Discord on Polish right: Kaczyński and President Duda haven’t talked one-on-one in 4 years

Poland's President Andrzej Duda, right, speaks in the parliament while Jaroslaw Kaczyński, left, listens, Warsaw, Poland, Tuesday, Nov. 12, 2019. (AP Photo/Czarek Sokolowski)
By Grzegorz Adamczyk
3 Min Read

The Law and Justice (PiS) leader Jarosław Kaczyński appeared on Catholic “Radio Plus” and was asked about remarks made by Marcin Mastalerek, President Duda’s chief aide, that he and the president had not had a face-to-face meeting in three years. 

Kaczyński replied that the two had not spoken privately to each other “for four years actually,” but insisted that he would not comment on the matter.

“I have adopted the principle that when it comes to the president, I will not comment,” he explained, adding that he thinks that Duda “is a man who has won two elections with our backing and that, despite differences of views, this is most important.”

The PiS leader also refused to say whether he saw any role for Andrzej Duda within his party once the head of state has completed his term in office next year. “This is a matter for the president himself as regards what he wants to do in politics,” he said.

Kaczyński assured that he would not engage in “warfare with President Duda, regardless of what he chooses to do, unless he wants to change his political colors, which I do not believe will happen.” In practice, this could mean that Kaczyński would not attack Duda unless the president decided to form a party of his own or to support a party other than PiS.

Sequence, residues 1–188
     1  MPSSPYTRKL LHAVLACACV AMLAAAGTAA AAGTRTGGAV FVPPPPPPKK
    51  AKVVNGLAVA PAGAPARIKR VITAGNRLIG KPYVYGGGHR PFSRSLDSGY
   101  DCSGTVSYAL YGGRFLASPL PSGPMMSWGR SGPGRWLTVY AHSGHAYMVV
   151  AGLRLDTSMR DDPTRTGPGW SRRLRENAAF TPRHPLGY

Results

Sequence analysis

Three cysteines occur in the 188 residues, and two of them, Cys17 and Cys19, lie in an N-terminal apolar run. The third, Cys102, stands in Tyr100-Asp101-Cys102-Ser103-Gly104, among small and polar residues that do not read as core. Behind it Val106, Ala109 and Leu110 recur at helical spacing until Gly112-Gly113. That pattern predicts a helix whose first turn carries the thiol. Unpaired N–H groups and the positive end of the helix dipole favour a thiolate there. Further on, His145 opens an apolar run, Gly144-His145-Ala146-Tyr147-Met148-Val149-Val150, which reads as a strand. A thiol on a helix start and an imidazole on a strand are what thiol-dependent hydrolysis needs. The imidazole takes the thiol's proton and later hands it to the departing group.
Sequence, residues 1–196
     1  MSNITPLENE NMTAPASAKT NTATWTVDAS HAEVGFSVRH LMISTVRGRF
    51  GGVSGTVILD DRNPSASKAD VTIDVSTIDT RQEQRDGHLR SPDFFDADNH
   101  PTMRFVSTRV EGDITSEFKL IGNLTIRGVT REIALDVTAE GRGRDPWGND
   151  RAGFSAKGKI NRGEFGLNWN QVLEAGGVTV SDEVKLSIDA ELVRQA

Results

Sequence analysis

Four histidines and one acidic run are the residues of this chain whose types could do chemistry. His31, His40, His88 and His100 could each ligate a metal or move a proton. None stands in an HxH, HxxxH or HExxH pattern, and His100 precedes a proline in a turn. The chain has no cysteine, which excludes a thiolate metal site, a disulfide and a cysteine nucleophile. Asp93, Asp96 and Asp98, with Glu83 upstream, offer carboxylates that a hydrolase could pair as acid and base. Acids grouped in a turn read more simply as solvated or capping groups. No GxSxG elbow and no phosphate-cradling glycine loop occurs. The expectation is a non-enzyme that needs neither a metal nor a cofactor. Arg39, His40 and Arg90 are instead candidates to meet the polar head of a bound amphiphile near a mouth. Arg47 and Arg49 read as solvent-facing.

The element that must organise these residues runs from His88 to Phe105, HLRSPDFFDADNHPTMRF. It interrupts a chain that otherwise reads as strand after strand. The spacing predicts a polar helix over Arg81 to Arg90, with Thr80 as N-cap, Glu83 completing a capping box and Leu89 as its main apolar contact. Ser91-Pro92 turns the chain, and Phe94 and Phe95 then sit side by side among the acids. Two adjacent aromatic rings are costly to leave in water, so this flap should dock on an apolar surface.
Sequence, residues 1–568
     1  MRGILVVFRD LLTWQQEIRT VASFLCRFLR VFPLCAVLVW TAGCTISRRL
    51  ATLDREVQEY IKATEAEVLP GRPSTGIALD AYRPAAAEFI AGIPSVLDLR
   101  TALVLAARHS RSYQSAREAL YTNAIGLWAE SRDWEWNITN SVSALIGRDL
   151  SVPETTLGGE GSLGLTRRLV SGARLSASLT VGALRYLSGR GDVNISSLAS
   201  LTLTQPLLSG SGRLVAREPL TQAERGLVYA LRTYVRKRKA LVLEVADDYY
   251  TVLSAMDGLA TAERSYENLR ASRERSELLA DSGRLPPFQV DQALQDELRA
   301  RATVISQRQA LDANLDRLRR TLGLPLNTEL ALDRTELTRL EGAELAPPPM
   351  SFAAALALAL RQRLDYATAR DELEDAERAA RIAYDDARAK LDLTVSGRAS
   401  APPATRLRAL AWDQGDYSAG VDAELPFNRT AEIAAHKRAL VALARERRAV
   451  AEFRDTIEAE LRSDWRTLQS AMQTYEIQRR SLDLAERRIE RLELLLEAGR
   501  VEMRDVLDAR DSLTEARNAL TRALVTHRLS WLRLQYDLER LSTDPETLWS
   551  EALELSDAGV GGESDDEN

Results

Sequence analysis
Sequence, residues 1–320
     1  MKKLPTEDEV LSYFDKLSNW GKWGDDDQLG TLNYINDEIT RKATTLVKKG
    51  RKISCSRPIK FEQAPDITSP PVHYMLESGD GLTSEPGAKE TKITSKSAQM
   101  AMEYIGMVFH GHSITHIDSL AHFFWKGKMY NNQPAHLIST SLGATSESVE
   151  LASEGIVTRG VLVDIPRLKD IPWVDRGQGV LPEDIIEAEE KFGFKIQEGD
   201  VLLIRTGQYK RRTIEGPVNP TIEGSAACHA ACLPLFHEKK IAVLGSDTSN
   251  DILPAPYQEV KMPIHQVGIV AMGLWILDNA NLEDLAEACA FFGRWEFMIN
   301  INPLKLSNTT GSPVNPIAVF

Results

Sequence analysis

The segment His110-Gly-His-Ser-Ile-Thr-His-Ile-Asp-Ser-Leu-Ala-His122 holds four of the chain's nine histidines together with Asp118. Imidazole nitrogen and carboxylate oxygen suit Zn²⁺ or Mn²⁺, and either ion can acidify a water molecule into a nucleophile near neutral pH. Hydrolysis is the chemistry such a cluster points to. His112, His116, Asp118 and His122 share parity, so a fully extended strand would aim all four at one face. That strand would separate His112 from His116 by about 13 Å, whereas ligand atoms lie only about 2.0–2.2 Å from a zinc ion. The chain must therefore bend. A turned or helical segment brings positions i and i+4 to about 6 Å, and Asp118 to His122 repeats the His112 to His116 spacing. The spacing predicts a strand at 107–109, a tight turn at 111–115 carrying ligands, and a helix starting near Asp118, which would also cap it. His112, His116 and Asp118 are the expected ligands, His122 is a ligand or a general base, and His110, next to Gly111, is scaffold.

The conservative leader has more pressing matters to consider with regard to the presidency, which comes up for election next year. PiS has to select a candidate to fight to win this election and Kaczyński recognizes he needs to find someone who would not only be guaranteed to make it into the second round of voting but someone who could win over 50 percent of the poll in that second ballot. 

The best-known candidates for that challenge are former Prime Minister Mateusz Morawiecki, his predecessor as prime minister, Beata Szydło, and former defense minister Mariusz Błaszczak. Kaczyński still has doubts if any of them could win the election because they carry too much past baggage; however, the problem is that the party has not identified anyone new for the task. 

PiS has to retain the hope that, as in 2015 with Andrzej Duda, it can identify someone who will be capable of launching a successful opposition attack against the ruling majority by being a “fresh face.”

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